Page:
Thousands of families around Mosul are living in a ‘smoke-filled hell’ with scant access to clean water or medical services after ISIS militants set fire to oil wells while retreating from towns and villages on the way to Mosul, Oxfam said today.
ISIS militants have set 19 oil wells ablaze in the Qayarrah area, south of Mosul, as they were pushed northwards into the city by Iraqi forces. The fires have produced clouds of thick black smoke and fumes across an area larger than Adelaide.
With several oil fields still under ISIS control around Mosul, and the potential for thousands of people to flee to the Qayarrah area, there is a risk that many more people could be affected.
Oxfam’s country director in Iraq, Andres Gonzalez, said life was very difficult for many people.
“Even after ISIS has left, many of the people living amid its trail of destruction have told us that life remains unbearable,” Mr Gonzalez said.
“Burning oil wells continue to spew out toxic fumes that burn people’s throats and turn their communities into a smoke-filled hell.
“The Iraqi Government needs to tell citizens what is being done to put out these fires and to avoid a potentially bigger crisis in Mosul.”
The smoke blocks out the sun and turns children’s faces grey with oily soot. People living close to the burning oil say that the smoke burns their throat and lungs and that their babies are having difficulty breathing.
One doctor in Haiji Ali, a town close to Qayarrah, said many of her patients were suffering from bronchitis and that there was a shortage of medicine. She was also seeing an increase in stomach problems as people drank polluted water.
A 67-year-old local man told Oxfam staff that the burning oil wells were making residents sick.
“We need someone to put out the fires. They have been burning for several months now,” he said.
The fires are just one of the challenges facing families who have stayed in or returned to towns and villages recaptured from ISIS. People who have lived through the trauma of two years under ISIS control are now facing shortages of clean water, food, medicine and fuel.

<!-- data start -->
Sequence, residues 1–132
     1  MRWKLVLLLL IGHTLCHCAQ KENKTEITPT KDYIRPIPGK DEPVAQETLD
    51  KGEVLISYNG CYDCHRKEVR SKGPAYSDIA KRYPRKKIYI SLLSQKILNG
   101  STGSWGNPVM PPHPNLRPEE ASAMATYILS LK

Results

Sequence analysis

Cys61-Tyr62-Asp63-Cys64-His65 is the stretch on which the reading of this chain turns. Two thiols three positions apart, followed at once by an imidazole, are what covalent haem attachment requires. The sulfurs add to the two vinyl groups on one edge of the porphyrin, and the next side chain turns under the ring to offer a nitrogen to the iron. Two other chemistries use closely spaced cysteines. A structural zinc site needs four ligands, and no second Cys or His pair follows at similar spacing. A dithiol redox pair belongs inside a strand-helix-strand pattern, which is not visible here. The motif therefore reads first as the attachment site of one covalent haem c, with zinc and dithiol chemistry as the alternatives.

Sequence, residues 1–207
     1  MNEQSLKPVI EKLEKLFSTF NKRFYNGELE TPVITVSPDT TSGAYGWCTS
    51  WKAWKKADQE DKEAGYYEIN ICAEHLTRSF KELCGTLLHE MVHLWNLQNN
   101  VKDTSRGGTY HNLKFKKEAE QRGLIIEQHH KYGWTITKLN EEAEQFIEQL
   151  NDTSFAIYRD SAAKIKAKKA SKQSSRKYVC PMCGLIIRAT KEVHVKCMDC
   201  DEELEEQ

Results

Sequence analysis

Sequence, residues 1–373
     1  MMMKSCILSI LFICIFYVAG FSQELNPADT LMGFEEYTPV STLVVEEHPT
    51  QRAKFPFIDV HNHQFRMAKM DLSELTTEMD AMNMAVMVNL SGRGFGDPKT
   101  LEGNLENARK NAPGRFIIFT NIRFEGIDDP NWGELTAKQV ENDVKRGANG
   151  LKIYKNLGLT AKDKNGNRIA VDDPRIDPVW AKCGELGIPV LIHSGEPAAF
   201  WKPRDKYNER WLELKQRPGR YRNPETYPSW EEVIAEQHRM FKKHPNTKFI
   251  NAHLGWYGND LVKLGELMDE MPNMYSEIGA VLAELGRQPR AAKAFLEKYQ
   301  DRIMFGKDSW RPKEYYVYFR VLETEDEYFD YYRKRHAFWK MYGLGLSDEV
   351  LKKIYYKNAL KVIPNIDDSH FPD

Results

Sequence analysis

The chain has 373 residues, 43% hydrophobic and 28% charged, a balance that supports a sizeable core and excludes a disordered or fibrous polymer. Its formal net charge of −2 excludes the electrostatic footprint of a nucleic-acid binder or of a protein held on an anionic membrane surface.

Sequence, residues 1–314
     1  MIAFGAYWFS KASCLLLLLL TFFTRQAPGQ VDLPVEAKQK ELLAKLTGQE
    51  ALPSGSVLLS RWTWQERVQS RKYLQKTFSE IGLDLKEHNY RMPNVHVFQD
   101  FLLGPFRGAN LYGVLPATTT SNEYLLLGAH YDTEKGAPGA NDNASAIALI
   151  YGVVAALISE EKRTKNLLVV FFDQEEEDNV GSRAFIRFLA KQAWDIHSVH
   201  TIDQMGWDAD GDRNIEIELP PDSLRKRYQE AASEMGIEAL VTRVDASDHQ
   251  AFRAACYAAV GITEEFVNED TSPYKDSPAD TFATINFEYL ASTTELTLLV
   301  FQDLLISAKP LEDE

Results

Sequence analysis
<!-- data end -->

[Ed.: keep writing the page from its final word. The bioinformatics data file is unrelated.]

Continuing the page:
Oxfam is calling on the Iraqi Government to prioritise extinguishing the fires and to seek external support if necessary. They must also explain to communities what is being done and when they can expect this to happen.
With six oil fields surrounding Mosul still under ISIS control, the government must plan for a potentially bigger crisis involving more than a million civilians in Mosul.
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Notes to editors:
Oxfam is providing clean water to families around Qayarrah and supporting water pumping stations to treat the dirty river water that some people have resorted to drinking. We are preparing to scale up our response in camps and communities south and east of Mosul as civilians start leaving the city in greater numbers. We are also providing blankets, food and other vital aid.
The UN reports that 1,000 people have sought health assistance as a result of the toxic fumes in the Qayyarah area as of 26 October. It is likely that many more people are affected but have not sought medical help because a lack of health facilities and restrictions on their movements. In many of the communities where Oxfam is working and visiting, people say the smoke is their top concern.
The area covered by smoke is estimated in this satellite image from UNOSAT (UN Operational Satellite Applications Programme) where the red area indicates thick smoke coverage over a number of days. We use the distance between Qayarrah and Makhmur, 27km, to estimate the area shaded red as 2,290 square km. The area of Adelaide is 1,827 square km.